Summer, mosquitoes and vacations could not stop our heroes. Some of them braved the perils of working on the beach to improve the responsiveness of Firefox.
The plans for Session Restore have been overhauled to make way for code that is more e10s-friendly. Our plans to provide a main thread async API are therefore postponed indefinitely, in favor of a content script implementation of state collection. While less asynchronous than earlier prototypes, this implementation should also provide considerable responsiveness benefits, even before we turn on the e10s switch in Firefox. We have also overhauled part of the implementation of Session Restore to ensure that it caches state whenever appropriate, hence removing most of the jank due to state collection. Finally, we have started working on compressing communications between the main thread and the worker to minimize serialization costs. Additional clean-up has been completed, with more under way or is waiting for darker skies before landing.
The titanic work to refactor Places into a non-blocking, off main thread, efficient API, continues. Ongoing works include making backups non-blocking and reducing the I/O cost of backups. We are also preparing a new asynchronous transaction manager for Places. Once this transaction manager has reached a satisfying state, it might be possible to reuse the code (or at least the design) for projects unrelated to Places.
We are getting close to having a fully off main thread implementation of mozStorage. Partial rewrite/cleanup/modularization of OS.File continues, as well as extending and converting code to Promise.jsm. Also, additional work on porting synchronous code to OS.File.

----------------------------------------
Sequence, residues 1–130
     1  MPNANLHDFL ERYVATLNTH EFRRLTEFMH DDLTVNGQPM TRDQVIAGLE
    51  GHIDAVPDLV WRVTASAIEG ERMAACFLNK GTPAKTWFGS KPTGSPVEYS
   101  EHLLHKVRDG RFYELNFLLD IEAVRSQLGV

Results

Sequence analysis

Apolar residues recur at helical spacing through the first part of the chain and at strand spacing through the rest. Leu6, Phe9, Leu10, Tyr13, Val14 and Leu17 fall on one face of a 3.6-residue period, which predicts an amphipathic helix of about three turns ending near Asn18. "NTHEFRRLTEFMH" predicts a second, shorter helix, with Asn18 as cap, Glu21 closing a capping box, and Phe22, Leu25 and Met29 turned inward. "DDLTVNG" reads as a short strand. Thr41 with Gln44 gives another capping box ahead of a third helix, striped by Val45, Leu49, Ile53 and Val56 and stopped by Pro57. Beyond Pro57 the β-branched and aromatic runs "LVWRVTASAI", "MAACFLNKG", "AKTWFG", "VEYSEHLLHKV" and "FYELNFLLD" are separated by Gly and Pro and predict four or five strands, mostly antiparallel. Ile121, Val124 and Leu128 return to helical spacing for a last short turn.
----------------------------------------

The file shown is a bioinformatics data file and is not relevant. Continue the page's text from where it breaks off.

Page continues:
Our work with Async + Responsive has uncovered a number of bugs in the Firefox implementation of Workers and Chrome Workers. This, in itself, is not very surprising, as we are pushing these technologies into a number of places that hadn’t been explored yet. However, the owners of DOM:Workers have been extraordinarily reactive and we would like to thank them. Kudos, guys.
July 19, 2013 § 2 Comments
One of the core components of the Mozilla Platform is mozStorage, our low-level database, based on sqlite3. mozStorage is used just about everywhere in our codebase, to power indexedDB, localStorage, but also site permissions, cookies, XUL templates, the download manager (*), forms, bookmarks, the add-ons manager (*), Firefox Health Report, the search service (*), etc. – not to mention numerous add-ons.
(*) Some components are currently moving away from mozStorage for performance and footprint reasons as they do not need the safety guarantees provided by mozStorage.
A long time ago, mozStorage and its users were completely synchronous and main-thread based. Needless to say, this eventually proved to be a design that doesn’t scale very well. So, we set out on a quest to make mozStorage off main thread-friendly and to move all these uses off the main thread.
These days, whether you are developing add-ons or contributing to the Mozilla codebase, everything you need to access storage off the main thread are readily available to you. Let me introduce the two recommended flavors.
Note: This blog entry does not cover using database from *web applications* but from the *Mozilla Platform*. From web applications, you should use indexedDB.